On Friday evening I cooked away from home, in Pimlico, for my very good friend Jacky, who is recovering from surgery. Jacky is partly responsible for this blog, as she nicknamed me "Demon Cook" because of my ability to rustle up Nigella-ish feasts for friends, ladling out warming tagines and baking "Fran bread", my version of that Italian classic, focaccia. (Jacky also nicknamed me "Demon Shopper" for my habit of seeking out bargains and unusual shops....)
Most Friday evenings, I have a few friends round for an informal supper (what I would call a "kitchen supper" if I had a kitchen big enough to accommodate everyone). Because of the regularity of these suppers, I try to cook something new and interesting each week, though we do have firm favourites, such as kleftiko (Greek lamb stew), chicken-in-a-brick, and various aromatic and comforting tagines.
Since Jacky couldn't travel down to Teddington for supper, it seemed a sensible arrangement to take the food to her. I prepared a curry in advance, made onion and aubergine bhajis, and filled my Habitat tiffin tin with various goodies to be transported to Pimlico. A bottle of Cava and a slab of chocolate brownies completed the provisions. Jacky lives in a rather wonderful enclave of SW1, between Victoria Station and Vauxhall Bridge Road. I admit I'm rather envious of her living "in town", as it's one of my ambitions (when considerations such as schools/sixth-form colleges are no longer important). She can walk to work from her flat, and the streets around are full of cafés and wine bars, all buzzing with activity on Friday evening: it was a mild, fine night and there was a jolly pavement overspill outside the pubs and bars.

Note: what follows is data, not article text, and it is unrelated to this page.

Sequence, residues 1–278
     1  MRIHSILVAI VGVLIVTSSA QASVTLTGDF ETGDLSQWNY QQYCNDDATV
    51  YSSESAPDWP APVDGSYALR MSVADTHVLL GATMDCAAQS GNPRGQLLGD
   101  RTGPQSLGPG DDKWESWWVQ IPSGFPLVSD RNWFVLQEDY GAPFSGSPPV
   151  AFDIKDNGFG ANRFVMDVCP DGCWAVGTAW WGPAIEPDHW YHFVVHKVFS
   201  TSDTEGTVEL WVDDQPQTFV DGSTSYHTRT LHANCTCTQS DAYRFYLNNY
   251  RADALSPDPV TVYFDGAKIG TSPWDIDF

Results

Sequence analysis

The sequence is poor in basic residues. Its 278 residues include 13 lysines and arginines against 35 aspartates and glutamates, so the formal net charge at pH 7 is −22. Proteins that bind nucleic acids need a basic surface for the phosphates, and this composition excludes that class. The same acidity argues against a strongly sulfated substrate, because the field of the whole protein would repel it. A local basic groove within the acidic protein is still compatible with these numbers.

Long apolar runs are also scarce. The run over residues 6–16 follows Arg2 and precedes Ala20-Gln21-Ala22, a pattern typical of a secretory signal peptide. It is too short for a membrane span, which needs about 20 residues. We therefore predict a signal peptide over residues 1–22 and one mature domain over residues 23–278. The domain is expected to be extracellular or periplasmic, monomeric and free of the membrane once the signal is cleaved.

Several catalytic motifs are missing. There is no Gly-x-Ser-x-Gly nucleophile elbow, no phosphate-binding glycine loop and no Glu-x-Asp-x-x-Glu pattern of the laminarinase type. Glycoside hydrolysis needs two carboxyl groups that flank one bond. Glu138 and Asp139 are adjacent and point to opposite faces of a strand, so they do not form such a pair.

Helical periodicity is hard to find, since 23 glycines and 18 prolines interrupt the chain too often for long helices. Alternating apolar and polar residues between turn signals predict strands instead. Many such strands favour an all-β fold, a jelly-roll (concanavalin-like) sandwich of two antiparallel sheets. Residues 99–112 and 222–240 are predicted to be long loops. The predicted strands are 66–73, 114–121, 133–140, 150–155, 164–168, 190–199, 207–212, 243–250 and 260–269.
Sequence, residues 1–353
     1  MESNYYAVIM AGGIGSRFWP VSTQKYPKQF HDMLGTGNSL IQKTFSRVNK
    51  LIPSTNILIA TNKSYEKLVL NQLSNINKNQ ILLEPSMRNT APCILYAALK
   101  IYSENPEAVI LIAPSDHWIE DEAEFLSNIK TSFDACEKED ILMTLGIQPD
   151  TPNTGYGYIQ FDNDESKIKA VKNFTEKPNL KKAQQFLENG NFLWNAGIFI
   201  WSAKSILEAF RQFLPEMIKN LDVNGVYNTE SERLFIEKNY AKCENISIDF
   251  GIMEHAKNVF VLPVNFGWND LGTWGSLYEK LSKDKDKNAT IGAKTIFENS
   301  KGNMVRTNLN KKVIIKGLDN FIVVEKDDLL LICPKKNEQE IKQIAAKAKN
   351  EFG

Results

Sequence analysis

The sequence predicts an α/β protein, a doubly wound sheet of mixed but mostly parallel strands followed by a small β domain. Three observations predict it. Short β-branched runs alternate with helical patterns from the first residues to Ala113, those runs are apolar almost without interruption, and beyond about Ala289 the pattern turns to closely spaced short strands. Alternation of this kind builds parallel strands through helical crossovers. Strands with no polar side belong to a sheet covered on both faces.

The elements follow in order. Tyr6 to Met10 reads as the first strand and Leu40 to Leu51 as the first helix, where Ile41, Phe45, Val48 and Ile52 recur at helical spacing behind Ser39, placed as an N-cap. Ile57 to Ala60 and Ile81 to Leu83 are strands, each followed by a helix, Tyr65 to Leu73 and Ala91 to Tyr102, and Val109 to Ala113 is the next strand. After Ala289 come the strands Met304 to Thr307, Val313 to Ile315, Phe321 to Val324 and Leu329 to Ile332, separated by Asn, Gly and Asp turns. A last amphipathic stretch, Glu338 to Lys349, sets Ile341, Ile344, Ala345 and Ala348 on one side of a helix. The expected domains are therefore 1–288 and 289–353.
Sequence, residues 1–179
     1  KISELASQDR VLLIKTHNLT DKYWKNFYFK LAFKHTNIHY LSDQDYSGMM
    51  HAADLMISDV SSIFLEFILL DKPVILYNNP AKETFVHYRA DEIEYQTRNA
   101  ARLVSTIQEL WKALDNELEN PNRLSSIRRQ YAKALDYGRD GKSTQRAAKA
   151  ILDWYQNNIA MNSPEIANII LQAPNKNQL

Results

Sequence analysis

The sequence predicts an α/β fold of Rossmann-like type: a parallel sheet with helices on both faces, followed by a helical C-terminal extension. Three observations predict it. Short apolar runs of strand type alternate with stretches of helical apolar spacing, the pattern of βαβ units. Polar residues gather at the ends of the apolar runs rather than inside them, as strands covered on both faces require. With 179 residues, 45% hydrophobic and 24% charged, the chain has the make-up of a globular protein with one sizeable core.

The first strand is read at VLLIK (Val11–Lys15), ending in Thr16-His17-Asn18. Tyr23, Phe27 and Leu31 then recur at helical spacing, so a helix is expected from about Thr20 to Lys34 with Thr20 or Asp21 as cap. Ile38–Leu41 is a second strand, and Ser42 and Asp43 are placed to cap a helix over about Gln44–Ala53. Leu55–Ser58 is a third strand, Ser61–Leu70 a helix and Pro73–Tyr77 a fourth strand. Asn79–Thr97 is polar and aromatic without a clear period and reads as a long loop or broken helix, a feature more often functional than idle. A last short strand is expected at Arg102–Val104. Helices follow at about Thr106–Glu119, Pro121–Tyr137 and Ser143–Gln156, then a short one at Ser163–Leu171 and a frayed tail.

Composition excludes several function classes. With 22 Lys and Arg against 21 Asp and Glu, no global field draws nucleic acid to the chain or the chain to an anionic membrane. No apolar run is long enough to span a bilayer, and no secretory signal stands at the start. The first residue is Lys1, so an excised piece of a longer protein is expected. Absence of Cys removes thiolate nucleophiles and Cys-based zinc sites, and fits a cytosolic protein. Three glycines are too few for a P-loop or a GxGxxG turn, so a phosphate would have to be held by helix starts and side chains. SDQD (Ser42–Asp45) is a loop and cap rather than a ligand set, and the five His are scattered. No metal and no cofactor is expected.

The curry is Yotam Ottolenghi's take on a Southern Indian curry - fragrant and gently spiced, with a sauce made from roasted garlic and coconut milk. Find the recipe here:
Coconut chicken with roast garlic and lime
You can do a cheffy version and present it like the picture, or, as I did, a rather more 'rustic' version, with lots of sauce to go with fluffy basmati rice.
I made classic chocolate brownies (which we greedily ate with Hagen Daaz ice-cream!), but I also like Nigella Lawson's flourless chocolate brownies, where the flour is replaced with ground almonds.
Flourless chocolate brownies
Onion bhajis are dead easy to make, and can be made in advance and even frozen until you need them. Heat them up in the oven. I tried aubergine and cauliflower bhajis as well. The aubergine ones were more successful. Cook's tip: add soda water to make the batter - gives a lovely crispness when the bhajis are deep-fried.
Explore more of Ottolenghi's fabulous recipes on here